Old bones in search of a good place to rest haven’t found one in the Campanile. There, more than 20 tons of prehistoric fossils excavated from California tar pits have been housed in substandard storage conditions for up to a century.
A federal grant recently obtained by the UC Museum of Paleontology from the Institute of Museum and Library Services not only will provide state-of-the-art museum cabinetry for about one-fourth of the collections, but also funding to create a digital record, including images, of the fossils and an online presence for them — for the benefit of researchers and educators worldwide.
“The current housing for these fossils is not a good one, as they’re exposed to dust and often on open wooden shelves, and a couple of the shelves have collapsed,” said Patricia Holroyd, a museum scientist in the UC Museum of Paleontology, adding that being in an earthquake zone makes the situation more precarious. “The new cabinetry is steel, and there will be archival foam lining the trays and the shelves.”
The fossils getting new digs are from the McKittrick and Maricopa tar pits, found along the eastern foothills of the Temblor Range in southern San Joaquin Valley. The pits are part of a vast complex of oil, gas and tar seeps that occur through the heavily faulted zone. That area comprises the western part of California and includes the better-known Rancho La Brea tar pits near downtown Los Angeles.
University paleontologists excavated thousands of McKittrick fossils primarily between 1921 and 1927. Among the collection from the late Pleistocene era — between 9,000 and 13,000 years ago — are well-preserved insects, plant tissues, reptiles, birds and mammals that include dire wolves, coyotes, camels and mammoths. The smaller Maricopa collection has bones of similar animals, but it has never been properly studied or radiometrically dated.
As early as 1914, UC paleontologists placed fossils on five levels of the Campanile, even before the tower was fully constructed, because storage there was ample and close to the paleontology department in the former Bacon Hall. First to arrive were 20 tons of 23,000-year-old Pleistocene fossils from the La Brea tar pits.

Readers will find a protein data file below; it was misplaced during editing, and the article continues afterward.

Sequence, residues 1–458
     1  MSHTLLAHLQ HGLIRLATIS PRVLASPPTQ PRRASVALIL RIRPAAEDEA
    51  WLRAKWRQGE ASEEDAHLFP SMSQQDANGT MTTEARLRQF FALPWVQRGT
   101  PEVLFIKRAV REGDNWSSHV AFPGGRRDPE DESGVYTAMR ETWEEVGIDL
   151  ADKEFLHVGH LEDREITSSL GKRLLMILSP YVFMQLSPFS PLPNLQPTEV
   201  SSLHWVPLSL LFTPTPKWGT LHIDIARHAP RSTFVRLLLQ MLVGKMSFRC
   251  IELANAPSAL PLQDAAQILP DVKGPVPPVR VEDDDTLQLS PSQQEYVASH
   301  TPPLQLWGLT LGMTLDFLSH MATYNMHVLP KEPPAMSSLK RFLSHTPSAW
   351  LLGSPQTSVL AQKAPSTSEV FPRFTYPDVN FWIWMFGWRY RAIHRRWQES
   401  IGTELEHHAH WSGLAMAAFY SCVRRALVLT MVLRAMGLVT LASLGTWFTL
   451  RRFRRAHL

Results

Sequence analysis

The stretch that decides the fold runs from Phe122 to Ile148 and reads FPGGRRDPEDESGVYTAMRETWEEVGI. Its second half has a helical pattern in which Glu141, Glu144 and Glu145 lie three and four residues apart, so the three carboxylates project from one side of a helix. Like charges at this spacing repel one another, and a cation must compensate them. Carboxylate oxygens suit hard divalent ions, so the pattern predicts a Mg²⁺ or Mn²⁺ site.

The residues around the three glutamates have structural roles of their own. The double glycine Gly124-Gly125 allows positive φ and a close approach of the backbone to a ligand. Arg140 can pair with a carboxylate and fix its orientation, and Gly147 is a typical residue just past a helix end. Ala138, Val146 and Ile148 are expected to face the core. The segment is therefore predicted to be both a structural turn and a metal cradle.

When the McKittrick and Maricopa fossils were added in the 1920s, “most of them were double- or triple-stacked in wooden drawers housed in open shelving on multiple floors of the Campanile. In a limited number of cases, the drawers have failed,” Holroyd said.
And since their arrival in the tower, only a fraction — slightly more than 3,000 specimens, or about 10 percent — of the McKittrick and Maricopa fossils have been entered into the museum’s database. The new grant will employ a museum scientist to train and supervise undergraduates to do the data entry, and digital copies of supporting documents connected to the specimens will be put online.
“The McKittrick and Maricopa collections have research relevance today, and will be used immediately in ongoing research, including global climate-change work being done by the Berkeley Initiative in Global Change Biology,” said Charles Marshall, director of the UC Museum of Paleontology and principal investigator on the grant.
The rest of the fossil collections in the tower — the grant addresses about one-fourth of the specimens there — also need similar care, said Holroyd.
“Obtaining this grant is a first step in safeguarding these fossils for the future, and it’s a small first step that we’ve been able to do with help from federal funds,” she said. “If we want to do the rest of it right, it will take a lot more tiny steps, or big steps, from other sources.”
The Institute of Museum and Library Services is the primary source of federal support for the nation’s 123,000 libraries and 35,000 museums. Its mission is to inspire libraries and museums to advance innovation, lifelong learning and cultural and civic engagement.